Afghanistan duly completed their clean sweep with a 75-run victory in the third and final match against the Netherlands at Doha’s Asian Town Stadium on Tuesday, but it came in a manner which would have created international headlines had it not taken place in the Twilight Zone reserved for the Associates and lesser Test nations.
In the absence of DRS, the umpiring throughout the series had at times been poor, generally to the disadvantage of the Dutch, but this time, in the 31st over of the Afghan innings, the umpires decided that Viv Kingma, who was shining the ball for Brandon Glover, was guilty of illegally interfering with its condition and awarded five penalty runs to Afghanistan.
On Wednesday the ICC announced that Kingma had admitted the offence and had been suspended for four matches (whether ODIs or T20Is) in consequence.
Curiously, the last instance, in an ODI between Afghanistan and the West Indies at Lucknow in November 2019, involved largely the same umpiring team, although on that occasion they reported the player concerned and did not award penalty runs.
Here Afghanistan finished with 254 for five, their highest total of the series, and Scott Edwards and Colin Ackermann, the latter promoted to opening the innings, responded with a stand of 103 in 22.2 overs before Edwards, who had brought up his third consecutive half-century, was given leg-before to young leg-spinner Qais Ahmad.
It was to be the first of six LBW decisions awarded to the Afghan bowlers, equalling the record for an ODI innings; one of the four previous instances, at Dehradun in 2019, also involved the Afghan attack, that time against Ireland.
It could be seen as just reward for bowlers attacking the stumps and as evidence of poor batting technique, and no doubt both are to some degree true, but there was sufficient doubt about some of the decisions to raise questions about the outcome had DRS been available.
That said, Afghanistan were incontrovertibly the better side throughout the series, and the Netherlands’ greatly depleted squad deserve much credit for having made it as competitive as they did.
But it was a measure of the difference that across the three games the Afghan batters hit 17 sixes as against three by the Dutch, all of them in that century stand between Edwards and Ackermann, and while the count of fours was more equal (43 to 40), more than half the Dutch tally came from the bat of Edwards, who was rightly nominated the Player of the Series.
Both sides made changes to the balance for the final game, and in opposite directions: Afghanistan’s four changes included the introduction of two new pace men, Azmatullah Omarzai and the debutant Fazalhaq Farooqi, while the Dutch rested Fred Klaassen, bringing in the versatile 18-year-old Aryan Dutt and giving a first cap to slow left-armer Clayton Floyd.
Floyd opened the bowling after Hashmatullah Shahidi again won the toss and he secured the initial breakthrough when Rahmanullah Gurbaz, who had led a charmed existence, being put down in the deep by Boris Gorlee and surviving a promising-looking appeal in the previous over, got a top edge and was caught by Pieter Seelaar at slip.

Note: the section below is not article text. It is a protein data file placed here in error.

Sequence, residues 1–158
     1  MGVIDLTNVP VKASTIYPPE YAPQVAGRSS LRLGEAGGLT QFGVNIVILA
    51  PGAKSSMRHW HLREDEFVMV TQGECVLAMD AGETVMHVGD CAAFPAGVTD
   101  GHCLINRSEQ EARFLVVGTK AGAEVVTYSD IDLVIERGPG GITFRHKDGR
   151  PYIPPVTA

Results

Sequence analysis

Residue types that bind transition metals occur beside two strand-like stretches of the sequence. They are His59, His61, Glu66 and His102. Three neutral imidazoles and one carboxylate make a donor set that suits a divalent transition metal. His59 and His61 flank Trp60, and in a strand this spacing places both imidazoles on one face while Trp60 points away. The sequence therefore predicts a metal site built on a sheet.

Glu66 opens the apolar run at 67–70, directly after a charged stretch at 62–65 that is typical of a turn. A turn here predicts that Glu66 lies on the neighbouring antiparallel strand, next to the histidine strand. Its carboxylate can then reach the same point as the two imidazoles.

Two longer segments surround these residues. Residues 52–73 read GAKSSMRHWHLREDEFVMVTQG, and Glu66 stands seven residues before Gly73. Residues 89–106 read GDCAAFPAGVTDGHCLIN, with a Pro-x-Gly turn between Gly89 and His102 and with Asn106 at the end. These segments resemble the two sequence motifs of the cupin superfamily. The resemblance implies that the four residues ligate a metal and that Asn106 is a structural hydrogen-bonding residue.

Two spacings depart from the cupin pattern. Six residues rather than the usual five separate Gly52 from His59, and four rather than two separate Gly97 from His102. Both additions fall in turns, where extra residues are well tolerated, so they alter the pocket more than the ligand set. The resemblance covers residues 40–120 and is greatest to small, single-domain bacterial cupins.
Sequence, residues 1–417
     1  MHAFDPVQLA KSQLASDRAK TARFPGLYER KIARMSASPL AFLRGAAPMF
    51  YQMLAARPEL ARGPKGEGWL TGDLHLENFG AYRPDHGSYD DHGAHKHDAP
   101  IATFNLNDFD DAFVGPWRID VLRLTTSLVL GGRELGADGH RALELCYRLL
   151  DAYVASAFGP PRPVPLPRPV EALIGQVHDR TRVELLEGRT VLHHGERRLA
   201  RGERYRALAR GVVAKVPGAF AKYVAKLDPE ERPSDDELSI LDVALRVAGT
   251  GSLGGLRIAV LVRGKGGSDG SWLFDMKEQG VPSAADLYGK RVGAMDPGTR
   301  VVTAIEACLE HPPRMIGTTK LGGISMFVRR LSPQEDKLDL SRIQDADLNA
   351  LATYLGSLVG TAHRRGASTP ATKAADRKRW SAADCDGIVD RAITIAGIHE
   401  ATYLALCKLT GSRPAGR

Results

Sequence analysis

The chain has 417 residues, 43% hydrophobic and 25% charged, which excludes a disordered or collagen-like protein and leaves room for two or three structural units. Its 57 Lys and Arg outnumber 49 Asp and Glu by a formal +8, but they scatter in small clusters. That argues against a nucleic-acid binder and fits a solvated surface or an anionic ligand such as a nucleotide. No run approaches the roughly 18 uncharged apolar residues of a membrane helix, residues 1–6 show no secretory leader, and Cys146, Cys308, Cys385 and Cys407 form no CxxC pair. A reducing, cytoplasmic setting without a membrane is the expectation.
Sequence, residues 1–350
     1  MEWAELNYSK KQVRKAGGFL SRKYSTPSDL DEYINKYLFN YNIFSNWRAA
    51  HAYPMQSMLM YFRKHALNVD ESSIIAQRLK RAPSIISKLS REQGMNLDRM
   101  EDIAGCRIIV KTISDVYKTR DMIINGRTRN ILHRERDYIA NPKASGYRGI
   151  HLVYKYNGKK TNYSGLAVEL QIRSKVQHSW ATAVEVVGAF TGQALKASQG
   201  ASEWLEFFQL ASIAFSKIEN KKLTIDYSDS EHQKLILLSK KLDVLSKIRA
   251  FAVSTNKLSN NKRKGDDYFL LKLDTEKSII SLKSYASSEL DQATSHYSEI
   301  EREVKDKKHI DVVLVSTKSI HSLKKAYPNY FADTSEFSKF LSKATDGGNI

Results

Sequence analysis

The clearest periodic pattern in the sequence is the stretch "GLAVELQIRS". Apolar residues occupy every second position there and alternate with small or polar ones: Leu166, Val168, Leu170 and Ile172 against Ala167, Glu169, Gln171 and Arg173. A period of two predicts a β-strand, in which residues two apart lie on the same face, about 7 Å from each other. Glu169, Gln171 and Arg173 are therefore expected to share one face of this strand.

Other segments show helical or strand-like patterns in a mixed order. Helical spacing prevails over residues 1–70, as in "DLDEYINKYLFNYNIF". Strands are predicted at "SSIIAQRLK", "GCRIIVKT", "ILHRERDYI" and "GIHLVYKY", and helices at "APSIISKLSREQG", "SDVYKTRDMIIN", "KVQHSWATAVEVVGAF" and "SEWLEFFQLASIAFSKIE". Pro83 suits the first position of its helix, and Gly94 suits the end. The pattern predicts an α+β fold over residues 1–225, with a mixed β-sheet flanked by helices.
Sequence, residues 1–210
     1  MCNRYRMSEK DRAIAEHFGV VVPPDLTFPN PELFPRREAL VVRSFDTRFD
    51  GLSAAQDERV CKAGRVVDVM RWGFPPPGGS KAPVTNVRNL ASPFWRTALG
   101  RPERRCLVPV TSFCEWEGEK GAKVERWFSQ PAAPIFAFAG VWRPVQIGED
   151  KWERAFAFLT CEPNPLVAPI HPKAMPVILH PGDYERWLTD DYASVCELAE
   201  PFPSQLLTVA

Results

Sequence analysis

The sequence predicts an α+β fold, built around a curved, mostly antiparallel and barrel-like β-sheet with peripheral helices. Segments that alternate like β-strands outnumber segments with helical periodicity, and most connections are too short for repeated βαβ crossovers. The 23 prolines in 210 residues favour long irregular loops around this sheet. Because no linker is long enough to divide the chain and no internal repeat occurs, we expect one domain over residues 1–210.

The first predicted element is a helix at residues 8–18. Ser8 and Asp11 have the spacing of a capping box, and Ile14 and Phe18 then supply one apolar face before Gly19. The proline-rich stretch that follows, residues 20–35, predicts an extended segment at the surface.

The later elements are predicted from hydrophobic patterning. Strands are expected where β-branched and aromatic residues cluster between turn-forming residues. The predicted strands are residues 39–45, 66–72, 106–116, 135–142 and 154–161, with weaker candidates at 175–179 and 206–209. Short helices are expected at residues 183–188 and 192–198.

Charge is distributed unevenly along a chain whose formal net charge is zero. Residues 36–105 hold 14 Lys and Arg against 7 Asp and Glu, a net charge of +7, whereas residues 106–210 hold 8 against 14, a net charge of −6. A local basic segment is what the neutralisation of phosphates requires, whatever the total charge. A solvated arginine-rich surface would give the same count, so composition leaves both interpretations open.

The left-armer bowled well throughout, conceding just 17 runs from his eight overs, and this time Seelaar relied more heavily on spin than in the previous games, deploying Saqib Zulfiqar and Dutt as well as Philippe Boissevain, Ackermann and himself for 30 of the 50 overs.
In general the strategy worked, and although the 19-year-old opener Riaz Hassan made 50 in an impressive international debut and Rahmat Shah contributed 48, it took a hard-hitting 71 from Najibullah Zadran, made from 59 deliveries and including eight fours and three sixes, to get Afghanistan to a solid total; in contrast to the previous games, Najib was able to ensure that the innings ended with a flourish, 87 runs coming from the final ten overs.
This was despite an encouraging effort from Dutt, whose three overs in the last ten conceded just 12 runs and included the wicket of Hashmat.
Then came the stand by Edwards and Ackermann, and as long as it lasted it seemed that the Dutch had a realistic chance of posting a surprise victory: even Mujeeb ur Rahman, whose initial four overs went for 18 runs, and Rashid Khan, twice struck to the boundary by Edwards, were unable to make any impression.
Once the breakthrough came, however, Ackermann looked increasingly isolated: Seelaar, batting at three for the first time, was bowled by Fareed Ahmad without scoring, Gorlee, promoted to four, was out leg-before to Fazal, and Bas de Leede soon followed, reverse-sweeping Mujeeb to Najib at backward point.
Ackermann, whose 96-ball 81 was his most assured knock in Dutch colours to date, followed in the next over, a first wicket for Rashid and the third LBW of the innings, and at 155 for five the Netherlands’ cause appeared to be lost.
It didn’t help when Dutt was run out by a direct hit from Hashmat, but then followed four wickets in 21 deliveries, three of them LBWs of which one, the last, would doubtless have survived a DRS challenge.
It was a disappointing, not to say embarrassing, end to a series which generally seemed to have been played in a good spirit.
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